Well after the coronavirus pandemic has passed, Europe could find the most damaging economic legacy is not the vast piles of government debt but the hundreds of billion euros in liabilities that have landed on companies.
Businesses were driven to bank loans and bond issues – made affordable by state guarantees and central-bank stimulus – to survive the shutdowns that cut off their cashflows this year. When that crisis support ends, their finances risk being stretched to breaking point, and small firms are already sounding the alarm.
Politicians are being asked to help viable companies clean up their balance sheets, or let them grapple with debt burdens that could cripple investment and job creation for years to come.
“With every week that goes by, the chances of survival for closed businesses are thinning,” said Germain Simoneau, head of the finance committee of French small firm federation CPME. “We’ve never seen a crisis on this scale with systemic risks looming in the background.”
The risk extends beyond the companies themselves. Battered balance sheets could spark a cycle of defaults and bankruptcies that would hit the banking sector and deepen the downturn.
Corporate vulnerabilities “increased sharply” in the wake of the pandemic and were only kept in check by extensive monetary and fiscal support, the ECB said in a pre-released report from its Financial Stability Review, which is due on Wednesday. “An abrupt end to support measures could lead to an increase in financing and rollover risks, thus driving overall corporate vulnerabilities above the level observed at the height of the global financial crisis.”
Euro-area companies added more than €400bn ($475bn) in debt over the first half of this year, compared with €289bn in the whole of 2019, according to European Union data. The European Commission warned last week that “servicing debt could be challenging particularly in sectors impacted by the pandemic in a more lasting way.”
Eurochambres, a trade group, found this month that the repayment of debt accrued over the pandemic is the second-biggest concern for businesses. Economists at UBS Group AG reckon default risks among European companies remain elevated despite the exceptional fiscal support. In Germany, which has so far come through the crisis better than most of its peers, the Bundesbank predicts that insolvencies will rise by more than 35% by the first quarter of next year. A survey by SME United, another lobby organisation, showed around half of small and medium-sized businesses in France and Italy are worried about failing.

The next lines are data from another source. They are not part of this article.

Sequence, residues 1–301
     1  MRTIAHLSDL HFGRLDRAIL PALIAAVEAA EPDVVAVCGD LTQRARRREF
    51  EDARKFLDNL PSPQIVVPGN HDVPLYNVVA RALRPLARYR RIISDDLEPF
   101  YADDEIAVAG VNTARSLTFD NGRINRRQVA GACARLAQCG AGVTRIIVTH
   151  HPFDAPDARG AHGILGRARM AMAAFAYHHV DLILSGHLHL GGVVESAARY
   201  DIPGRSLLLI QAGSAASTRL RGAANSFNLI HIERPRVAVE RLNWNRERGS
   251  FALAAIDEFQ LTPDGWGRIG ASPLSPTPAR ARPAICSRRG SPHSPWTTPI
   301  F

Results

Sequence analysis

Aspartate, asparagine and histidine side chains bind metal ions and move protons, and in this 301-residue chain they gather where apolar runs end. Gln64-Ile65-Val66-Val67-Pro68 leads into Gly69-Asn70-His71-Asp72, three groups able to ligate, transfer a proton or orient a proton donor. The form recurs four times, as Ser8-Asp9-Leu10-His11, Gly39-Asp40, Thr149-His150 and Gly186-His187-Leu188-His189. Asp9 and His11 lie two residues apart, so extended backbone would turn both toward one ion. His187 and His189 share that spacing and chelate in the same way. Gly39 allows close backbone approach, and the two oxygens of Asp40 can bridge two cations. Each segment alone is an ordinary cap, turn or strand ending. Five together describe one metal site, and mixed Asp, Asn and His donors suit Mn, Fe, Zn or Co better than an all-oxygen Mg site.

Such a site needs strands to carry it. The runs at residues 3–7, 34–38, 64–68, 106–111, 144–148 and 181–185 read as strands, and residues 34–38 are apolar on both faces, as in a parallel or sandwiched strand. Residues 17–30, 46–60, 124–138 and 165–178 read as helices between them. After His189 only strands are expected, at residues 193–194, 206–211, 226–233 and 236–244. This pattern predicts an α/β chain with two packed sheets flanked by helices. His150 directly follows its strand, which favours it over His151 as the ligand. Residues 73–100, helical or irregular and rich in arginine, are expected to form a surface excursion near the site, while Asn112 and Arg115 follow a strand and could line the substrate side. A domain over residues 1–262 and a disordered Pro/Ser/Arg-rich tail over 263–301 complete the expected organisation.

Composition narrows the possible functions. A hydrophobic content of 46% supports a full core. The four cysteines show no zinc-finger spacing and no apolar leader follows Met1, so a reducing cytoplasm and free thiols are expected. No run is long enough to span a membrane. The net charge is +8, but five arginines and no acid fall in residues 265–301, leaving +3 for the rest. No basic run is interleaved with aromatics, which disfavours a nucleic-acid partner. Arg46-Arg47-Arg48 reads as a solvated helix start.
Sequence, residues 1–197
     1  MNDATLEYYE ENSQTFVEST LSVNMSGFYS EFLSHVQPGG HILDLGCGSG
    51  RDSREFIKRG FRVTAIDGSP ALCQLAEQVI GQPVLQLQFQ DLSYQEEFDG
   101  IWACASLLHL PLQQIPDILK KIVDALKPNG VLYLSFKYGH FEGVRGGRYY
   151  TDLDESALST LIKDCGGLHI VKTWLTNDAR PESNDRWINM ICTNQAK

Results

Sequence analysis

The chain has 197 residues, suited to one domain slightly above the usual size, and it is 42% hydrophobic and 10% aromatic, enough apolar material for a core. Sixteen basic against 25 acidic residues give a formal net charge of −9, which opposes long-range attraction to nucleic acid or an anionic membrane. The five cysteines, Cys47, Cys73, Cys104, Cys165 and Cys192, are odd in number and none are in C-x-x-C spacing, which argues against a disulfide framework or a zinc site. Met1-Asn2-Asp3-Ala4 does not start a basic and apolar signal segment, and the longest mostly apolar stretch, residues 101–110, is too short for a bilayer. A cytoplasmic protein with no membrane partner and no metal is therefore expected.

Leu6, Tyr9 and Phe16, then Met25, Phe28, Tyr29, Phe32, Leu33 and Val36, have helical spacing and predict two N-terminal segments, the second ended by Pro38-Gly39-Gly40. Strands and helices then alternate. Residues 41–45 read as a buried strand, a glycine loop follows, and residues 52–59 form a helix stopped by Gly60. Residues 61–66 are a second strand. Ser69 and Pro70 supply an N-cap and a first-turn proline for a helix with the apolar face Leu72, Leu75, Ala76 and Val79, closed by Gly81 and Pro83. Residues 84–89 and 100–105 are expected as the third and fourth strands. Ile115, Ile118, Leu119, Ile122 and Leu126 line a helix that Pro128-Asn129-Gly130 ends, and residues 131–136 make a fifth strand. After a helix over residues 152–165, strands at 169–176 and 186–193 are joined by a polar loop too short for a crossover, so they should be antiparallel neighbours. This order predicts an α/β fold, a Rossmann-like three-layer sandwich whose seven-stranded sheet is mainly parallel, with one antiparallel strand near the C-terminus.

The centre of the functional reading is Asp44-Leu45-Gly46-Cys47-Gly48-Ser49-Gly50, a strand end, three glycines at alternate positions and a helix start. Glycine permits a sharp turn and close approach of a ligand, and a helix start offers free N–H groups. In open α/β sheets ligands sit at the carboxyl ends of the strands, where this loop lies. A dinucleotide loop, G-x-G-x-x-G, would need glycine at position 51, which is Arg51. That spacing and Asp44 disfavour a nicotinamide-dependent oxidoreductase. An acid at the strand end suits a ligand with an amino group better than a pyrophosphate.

Economists at Euler Hermes estimate that Italian and French small businesses alone will need €100bn in recapitalisation, on top of liquidity aid.
Ultimately, the solution is probably to persuade European companies to reduce their reliance on bank loans, which they use to a much greater extent than US businesses.
The commission and the European Central Bank have long called for a Capital Markets Union to make it easier to tap alternative funding. ECB President Christine Lagarde said on Friday that such a union is “no longer a ‘nice-to-have,’ it is a ‘must-have’.”
In the medium term though, proposed solutions require government support. That includes tools to improve corporate solvency so viable firms aren’t buried under their debt.
For the smallest firms, that could mean direct fiscal transfers to cope with fixed costs, according to Gerhard Huemer, SME United’s director of economic policy. For the bigger ones, subordinated loans or equity injections would be more appropriate.
Such ideas have struggled though. An EU “solvency support instrument” failed to get enough backing from governments at a summit in July even as they hammered out their blockbuster €750bn recovery fund.
Now the focus is on securing similar kinds of support through the European Investment Bank and other EU programmes, along with national solutions, according to Huemer.
In France, which has seen the biggest surge in corporate debt, from already high levels, the government is preparing a mechanism it hopes will channel around 20bn euros in partial equity to small companies. Backed by a state guarantee, it would involve banks distributing equity loans, mostly refinanced by dedicated investment vehicles.
French banks and the state are still trying to work out how to keep costs low while ensuring returns are high enough to get funds involved. The programme also needs to limit the risk borne by the government, and respect EU rules on state aid.
Spain has a 10bn-euro fund to support larger, strategic firms with subordinated loans, equity and convertible bonds. In Germany, the government is supporting businesses who were forced to shut down with direct cash payments. In fact, Italy and Germany stand out in their use of grants and other aid that doesn’t need to be paid back, according to the EU’s competition chief, Margrethe Vestager.
The European Commission recently loosened its rules on subsidies again so that governments can cover as much as €3mn of companies’ fixed costs. That could be one small step toward an extensive overhaul that reshapes corporate finance for the post-pandemic era.
“Much as the lesson drawn coming out of the 2008-2009 crisis was that banks should be better capitalised and have less leverage, there’s going to be a lesson from this crisis that the same holds for non-financial Corps,” said Michala Marcussen, chief economist at Societe Generale SA.
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